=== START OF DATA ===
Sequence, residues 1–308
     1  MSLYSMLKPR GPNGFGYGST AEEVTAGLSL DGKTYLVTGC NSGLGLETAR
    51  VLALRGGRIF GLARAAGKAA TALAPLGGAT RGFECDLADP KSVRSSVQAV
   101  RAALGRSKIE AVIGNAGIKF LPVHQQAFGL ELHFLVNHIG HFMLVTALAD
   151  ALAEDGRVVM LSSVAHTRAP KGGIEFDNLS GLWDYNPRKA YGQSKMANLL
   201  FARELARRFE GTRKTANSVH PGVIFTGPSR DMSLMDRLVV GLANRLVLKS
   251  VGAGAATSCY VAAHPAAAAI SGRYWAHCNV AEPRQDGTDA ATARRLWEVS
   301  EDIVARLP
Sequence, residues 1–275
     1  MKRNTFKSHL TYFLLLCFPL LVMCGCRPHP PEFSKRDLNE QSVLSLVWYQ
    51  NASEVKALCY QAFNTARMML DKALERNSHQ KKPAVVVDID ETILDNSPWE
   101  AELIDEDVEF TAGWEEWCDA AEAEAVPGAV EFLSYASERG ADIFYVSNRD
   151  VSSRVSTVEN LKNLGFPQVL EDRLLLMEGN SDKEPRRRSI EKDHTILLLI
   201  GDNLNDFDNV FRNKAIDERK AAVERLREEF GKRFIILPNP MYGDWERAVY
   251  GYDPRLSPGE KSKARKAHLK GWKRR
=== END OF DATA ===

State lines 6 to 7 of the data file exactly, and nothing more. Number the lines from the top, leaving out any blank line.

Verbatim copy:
   201  FARELARRFE GTRKTANSVH PGVIFTGPSR DMSLMDRLVV GLANRLVLKS
   251  VGAGAATSCY VAAHPAAAAI SGRYWAHCNV AEPRQDGTDA ATARRLWEVS